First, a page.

Why Kara Walker’s ‘A Subtlety’ Exhibit is Making Black Folk Mad
“…Just seconds ago, they had been aiming their lenses at the sculpture of a 40-foot tall, nude black female sphinx. Many posed under its ass; some laughed and pointed at its vulva. … [I] turned to face them and began yelling.”
Art provides an open space for one to explore their innermost observations of the world. Within context, a reflection of life as experienced by those that came before us and those who study and search for the depths of previous life journeys express their responses and/or interpretations within their art.
Such is the case with the controversial Kara Walker exhibit, which displayed in New York City at the Domino Sugar Factory in Brooklyn. The exhibit, titled ‘A Subtlety,’ included a 5-foot tall, 75-foot long, Mammy-type sphinx with a ponderous bosom, full lips and a flat nose – and coated with 40 tons of pure white sugar — as part of its display. The exhibit also showcased sculpted children as they worked and carried sugar in the fields. Its purpose, as stated by its creator, is to reflect slavery and pay homage to the artisans who worked relentlessly in the sugar cane fields.
The quote that heads this piece is the reaction from Nicholas Powers, author of The Ground Below Zero, while visiting the exhibit. His outrage, as described further in his editorial, discusses the poorly enlightened and misunderstanding of the statement ‘A Subtlety’ presents. He is upset at the White population’s disrespect — taking pictures posing next to the sphinx’s breasts while laughing, mocking the struggle and history of Black people. Not understanding the significance in its sugary makeup and the messaging that hits home for many individuals whose ancestors’ history lives through this presentation.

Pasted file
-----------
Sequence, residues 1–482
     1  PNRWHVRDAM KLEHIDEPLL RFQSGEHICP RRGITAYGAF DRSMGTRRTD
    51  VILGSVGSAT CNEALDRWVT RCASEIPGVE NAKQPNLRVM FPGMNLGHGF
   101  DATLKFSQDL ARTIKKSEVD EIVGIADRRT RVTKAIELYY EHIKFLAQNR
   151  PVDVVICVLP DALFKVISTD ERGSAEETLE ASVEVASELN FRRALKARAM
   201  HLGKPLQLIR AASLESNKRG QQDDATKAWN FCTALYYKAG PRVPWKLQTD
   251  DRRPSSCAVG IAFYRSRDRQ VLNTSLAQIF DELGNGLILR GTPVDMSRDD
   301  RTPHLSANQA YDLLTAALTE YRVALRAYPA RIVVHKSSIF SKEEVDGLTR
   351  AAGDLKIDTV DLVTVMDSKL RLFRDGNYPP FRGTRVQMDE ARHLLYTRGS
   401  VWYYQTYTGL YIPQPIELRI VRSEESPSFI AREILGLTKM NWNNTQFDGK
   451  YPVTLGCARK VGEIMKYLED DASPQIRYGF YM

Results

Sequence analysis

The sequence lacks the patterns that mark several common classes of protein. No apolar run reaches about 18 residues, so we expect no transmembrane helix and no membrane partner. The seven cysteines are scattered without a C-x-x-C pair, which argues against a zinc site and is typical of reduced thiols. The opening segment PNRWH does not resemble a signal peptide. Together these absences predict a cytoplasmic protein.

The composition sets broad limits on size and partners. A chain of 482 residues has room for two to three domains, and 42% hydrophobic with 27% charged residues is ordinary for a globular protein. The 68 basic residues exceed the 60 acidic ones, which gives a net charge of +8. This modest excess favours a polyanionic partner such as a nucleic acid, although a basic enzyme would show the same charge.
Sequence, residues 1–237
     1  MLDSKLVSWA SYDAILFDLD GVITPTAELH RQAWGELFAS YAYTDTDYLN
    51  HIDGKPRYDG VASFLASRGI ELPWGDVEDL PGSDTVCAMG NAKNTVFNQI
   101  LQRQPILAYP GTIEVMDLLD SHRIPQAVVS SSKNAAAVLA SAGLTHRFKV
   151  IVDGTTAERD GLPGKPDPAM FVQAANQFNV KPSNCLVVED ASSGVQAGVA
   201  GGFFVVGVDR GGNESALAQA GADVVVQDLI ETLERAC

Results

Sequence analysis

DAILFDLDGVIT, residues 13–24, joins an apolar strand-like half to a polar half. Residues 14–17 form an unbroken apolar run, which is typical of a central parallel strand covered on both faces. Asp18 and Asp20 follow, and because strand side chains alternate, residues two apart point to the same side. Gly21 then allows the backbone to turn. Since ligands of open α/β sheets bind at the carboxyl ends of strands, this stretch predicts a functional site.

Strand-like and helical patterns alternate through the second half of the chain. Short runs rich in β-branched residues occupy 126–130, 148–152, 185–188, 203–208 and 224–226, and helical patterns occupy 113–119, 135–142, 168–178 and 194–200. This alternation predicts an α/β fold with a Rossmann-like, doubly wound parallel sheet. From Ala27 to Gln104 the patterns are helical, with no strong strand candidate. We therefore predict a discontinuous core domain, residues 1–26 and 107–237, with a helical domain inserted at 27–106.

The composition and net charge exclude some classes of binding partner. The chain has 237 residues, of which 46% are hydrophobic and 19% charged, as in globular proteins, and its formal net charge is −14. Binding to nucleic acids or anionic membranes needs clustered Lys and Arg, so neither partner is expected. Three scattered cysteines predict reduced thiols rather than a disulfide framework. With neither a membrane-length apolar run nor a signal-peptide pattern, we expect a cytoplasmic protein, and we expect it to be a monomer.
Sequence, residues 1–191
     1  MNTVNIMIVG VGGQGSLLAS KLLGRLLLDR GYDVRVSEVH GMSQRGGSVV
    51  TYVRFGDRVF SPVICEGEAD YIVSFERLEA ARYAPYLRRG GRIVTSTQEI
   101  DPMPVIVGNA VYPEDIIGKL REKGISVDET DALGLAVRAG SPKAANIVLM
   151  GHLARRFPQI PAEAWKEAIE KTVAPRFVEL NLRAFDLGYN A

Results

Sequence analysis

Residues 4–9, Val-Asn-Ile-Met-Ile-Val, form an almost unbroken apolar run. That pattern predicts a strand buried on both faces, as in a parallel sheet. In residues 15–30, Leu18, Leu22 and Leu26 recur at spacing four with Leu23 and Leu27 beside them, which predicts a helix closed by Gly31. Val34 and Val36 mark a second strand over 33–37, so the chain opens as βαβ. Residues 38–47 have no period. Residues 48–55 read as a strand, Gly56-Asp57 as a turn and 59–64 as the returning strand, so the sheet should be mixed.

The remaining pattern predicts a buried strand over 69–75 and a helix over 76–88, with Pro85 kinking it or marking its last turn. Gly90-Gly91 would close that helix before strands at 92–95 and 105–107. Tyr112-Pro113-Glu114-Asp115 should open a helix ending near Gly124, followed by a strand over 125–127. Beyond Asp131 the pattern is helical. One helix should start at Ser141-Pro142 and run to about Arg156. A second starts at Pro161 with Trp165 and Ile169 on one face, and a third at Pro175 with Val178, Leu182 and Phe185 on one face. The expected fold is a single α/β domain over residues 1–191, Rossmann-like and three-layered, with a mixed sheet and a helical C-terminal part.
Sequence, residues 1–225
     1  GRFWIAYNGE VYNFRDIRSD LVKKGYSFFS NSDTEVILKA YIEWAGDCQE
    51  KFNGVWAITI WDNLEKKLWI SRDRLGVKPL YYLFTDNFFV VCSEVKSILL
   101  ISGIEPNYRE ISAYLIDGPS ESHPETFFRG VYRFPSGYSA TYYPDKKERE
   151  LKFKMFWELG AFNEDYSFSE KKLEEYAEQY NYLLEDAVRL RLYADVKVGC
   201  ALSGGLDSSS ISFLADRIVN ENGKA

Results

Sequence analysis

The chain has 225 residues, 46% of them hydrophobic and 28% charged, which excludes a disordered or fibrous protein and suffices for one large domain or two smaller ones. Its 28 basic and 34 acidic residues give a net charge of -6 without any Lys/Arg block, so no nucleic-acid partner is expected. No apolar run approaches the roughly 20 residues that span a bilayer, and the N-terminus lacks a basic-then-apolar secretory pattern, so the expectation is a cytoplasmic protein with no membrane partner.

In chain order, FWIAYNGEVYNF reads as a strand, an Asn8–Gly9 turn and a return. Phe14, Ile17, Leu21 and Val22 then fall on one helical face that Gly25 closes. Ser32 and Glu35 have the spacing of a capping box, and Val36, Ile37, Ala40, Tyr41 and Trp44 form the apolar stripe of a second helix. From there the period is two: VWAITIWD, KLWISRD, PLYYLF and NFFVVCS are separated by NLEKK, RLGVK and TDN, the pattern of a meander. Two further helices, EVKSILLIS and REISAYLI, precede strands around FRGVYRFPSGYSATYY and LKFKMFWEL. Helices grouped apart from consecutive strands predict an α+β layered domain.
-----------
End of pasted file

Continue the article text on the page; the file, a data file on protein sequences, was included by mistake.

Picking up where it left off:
“In the time of slavery, sugar was considered a blood commodity,” Walker, whose contemporary art explores race, gender, sexuality violence and identity, told CBS News. Her work identifies the Black struggle and doesn’t shy away from vivid creations of violence while bringing the depths of the African experience to the forefront.
‘A Subtlety’, which had its final showing July 6th, drew large crowds and sparked interesting dialogue. Many posted pictures on social media posing in front of the sphinx or pointing at its breasts and/or vulva. Beyonce and Jay-Z had baby Blue on hand while gazing at the sphinx. June Ambrose took her children to see it as well, captioning one of her Instagram photos, “I have some explaining to do” as her young daughter stood with her mouth ajar and eyes bulging.
Often heard reactions regarding something of this magnitude are: Powerful. Deep. Wow. Speechless.
And true, oftentimes they are these descriptions. What’s rarely expressed in the same space as fellow art viewers is a public reaction of anger—an outburst of enraged emotions.
Art, no matter its beauty or harsh revelation nor how powerful it can be, can also invite tension and criticism.
After attending an earlier Kara Walker exhibit, Powers questioned the artist’s responsibility, stating: “I wondered… if exposing the details of Black victimization was truly freeing if it simply triggered the pain of people of color, and in the precarious atmosphere of the nearly all-white art world at that.”
Powers raised the same question after witnessing ‘A Subtlety’.
I now ask you, what are your thoughts when it comes to artist responsibility and showcasing the depths of historical struggle within African-American culture?
Digest that and let’s discuss.